Sam Draper has been a breath of fresh air this year. Part of that might be his mullet-undercut combo, another part of it might be his enthusiastic celebrations but I think it’s because he is brilliant.

Forty-four hit outs, 18 disposals, and 12 contested disposals is exemplary for a ruckman in the modern game. He is yet another gem from the nether regions of the rookie draft and will only continue to improve.

The one thing I would say he can improve is his goal kicking and ball drop. He is a soccer convert because he became too tall to be a goalkeeper.

All he needs to do is adopt a better ball drop and he will dominate games in like Nic Naitanui as an expert tap ruckman.


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Strange selection choices lost Essendon this game
The coaches have earned my respect at Essendon, taking a team that was largely predicted to have a bottom-four finish to the finals. But I do have queries about some of the choices that Ben Rutten and co made at the selection table.

The decision to bring in Jye Caldwell over Dylan Clarke, who can play a more defensive midfielder role, was felt. However, I am backing the decision as I believe the Bulldogs went home, did their homework, and believed that lightning cannot strike twice as this game was the inverse of our preceding clash in the home-and-away season.

The other strange decision was leaving Martin Gleeson on Cody Weightman when he was clearly outbodied by the antagonistic small forward. Note there were far more expletives here in the first draft.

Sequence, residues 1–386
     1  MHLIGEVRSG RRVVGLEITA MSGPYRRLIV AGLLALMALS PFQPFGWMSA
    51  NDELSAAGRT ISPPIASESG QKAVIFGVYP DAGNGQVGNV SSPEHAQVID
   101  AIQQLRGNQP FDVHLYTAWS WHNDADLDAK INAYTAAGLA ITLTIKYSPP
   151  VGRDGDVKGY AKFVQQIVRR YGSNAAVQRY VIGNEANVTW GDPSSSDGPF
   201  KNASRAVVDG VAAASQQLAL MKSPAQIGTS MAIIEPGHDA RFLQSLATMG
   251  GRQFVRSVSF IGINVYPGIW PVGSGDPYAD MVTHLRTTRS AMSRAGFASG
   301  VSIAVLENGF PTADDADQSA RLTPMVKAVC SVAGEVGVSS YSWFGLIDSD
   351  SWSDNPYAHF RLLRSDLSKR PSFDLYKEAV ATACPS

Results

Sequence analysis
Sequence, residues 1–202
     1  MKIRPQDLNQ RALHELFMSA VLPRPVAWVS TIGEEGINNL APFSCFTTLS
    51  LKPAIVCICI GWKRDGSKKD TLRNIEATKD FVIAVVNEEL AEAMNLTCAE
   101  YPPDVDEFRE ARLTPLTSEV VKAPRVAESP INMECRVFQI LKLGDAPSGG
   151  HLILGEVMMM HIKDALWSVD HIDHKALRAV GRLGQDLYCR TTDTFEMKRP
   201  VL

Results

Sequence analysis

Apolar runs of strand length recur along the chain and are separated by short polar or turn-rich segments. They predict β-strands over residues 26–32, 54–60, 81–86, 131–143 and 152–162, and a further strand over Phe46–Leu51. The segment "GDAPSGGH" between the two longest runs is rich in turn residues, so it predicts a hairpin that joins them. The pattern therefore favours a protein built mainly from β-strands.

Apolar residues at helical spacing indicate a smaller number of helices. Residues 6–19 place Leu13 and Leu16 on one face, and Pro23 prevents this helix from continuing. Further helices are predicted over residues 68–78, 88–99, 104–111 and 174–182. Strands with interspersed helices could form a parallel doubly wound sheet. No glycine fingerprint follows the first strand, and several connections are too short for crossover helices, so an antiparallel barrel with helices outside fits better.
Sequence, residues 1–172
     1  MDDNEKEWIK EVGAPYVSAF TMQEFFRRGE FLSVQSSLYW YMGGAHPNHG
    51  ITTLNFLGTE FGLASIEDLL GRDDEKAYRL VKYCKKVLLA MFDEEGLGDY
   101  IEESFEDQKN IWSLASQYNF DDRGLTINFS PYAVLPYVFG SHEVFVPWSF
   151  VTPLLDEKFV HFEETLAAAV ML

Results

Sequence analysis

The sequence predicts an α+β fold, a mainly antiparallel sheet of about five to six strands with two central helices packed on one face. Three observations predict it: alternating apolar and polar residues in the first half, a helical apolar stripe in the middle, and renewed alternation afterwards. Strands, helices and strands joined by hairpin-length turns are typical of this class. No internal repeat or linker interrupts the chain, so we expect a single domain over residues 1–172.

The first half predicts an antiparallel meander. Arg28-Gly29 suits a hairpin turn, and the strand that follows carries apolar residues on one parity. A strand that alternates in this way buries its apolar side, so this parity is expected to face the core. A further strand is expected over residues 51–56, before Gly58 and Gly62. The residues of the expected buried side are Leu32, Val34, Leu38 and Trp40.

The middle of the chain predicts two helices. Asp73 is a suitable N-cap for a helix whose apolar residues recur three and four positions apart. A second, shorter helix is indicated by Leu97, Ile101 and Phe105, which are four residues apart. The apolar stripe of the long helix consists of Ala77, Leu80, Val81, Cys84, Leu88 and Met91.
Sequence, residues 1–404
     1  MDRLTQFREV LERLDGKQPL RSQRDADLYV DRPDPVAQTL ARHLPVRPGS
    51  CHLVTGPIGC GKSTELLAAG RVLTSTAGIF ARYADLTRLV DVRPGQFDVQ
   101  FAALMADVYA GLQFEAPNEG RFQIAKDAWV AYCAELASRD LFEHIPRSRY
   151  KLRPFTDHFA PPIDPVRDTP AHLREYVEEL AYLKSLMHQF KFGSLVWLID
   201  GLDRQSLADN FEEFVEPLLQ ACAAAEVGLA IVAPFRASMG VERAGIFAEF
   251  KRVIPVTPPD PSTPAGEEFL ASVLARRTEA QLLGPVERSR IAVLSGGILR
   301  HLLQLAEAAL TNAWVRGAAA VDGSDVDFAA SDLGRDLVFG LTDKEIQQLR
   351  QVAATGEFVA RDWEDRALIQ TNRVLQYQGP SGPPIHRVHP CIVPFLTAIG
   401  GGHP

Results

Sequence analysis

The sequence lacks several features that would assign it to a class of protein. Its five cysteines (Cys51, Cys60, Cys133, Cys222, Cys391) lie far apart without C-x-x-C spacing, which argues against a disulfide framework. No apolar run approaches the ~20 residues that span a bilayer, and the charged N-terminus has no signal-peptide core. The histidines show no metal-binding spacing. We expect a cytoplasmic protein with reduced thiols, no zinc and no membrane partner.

That resulted in six free kicks and four goals. Weightman clearly benefitted from the absence of Nick Hind, who has shown the ability to shut down and rebound.


I am going to back the Bombers to go onwards and upwards next year. If they can make their defence a little more miserly and win some of the games that they lost by a goal then the Bombers will be a threat next year.

Ben Rutten, Senior Assistant Coach and Team Defence of the Bombers addresses his players

(Photo by Michael Willson/AFL Photos via Getty Images)

One final note
News has come out recently that Essendon player Anthony McDonald-Tipungwuti was racially abused on Facebook. This is unacceptable. He is a jet, no ifs ands or buts.

I just want to take the opportunity to shout out ‘Tippa’ in the unlikely circumstance he reads this page. Any Essendon supporter who thinks they can racially vilify any player is not acceptable.

I would appreciate everyone getting around ‘Walla’, who has had a proverbial nightmare this season with the instability and the prospect of another COVID hub season.

He has been a joy to watch and should not cop any abuse. Get around ‘Walla’ because he deserves our support right now.

There are no bests this week because the Bombers need to improve across the board. The Bulldogs match up the best when it comes to the Bombers and there’s a reason we’ve only beat the Bulldogs once in seven years.

It still hurts particularly when contentious umpiring dominated the game, however, this season is most certainly a heathy pass mark for the Bombers and Essendon will get their vengeance on the Bulldogs next year.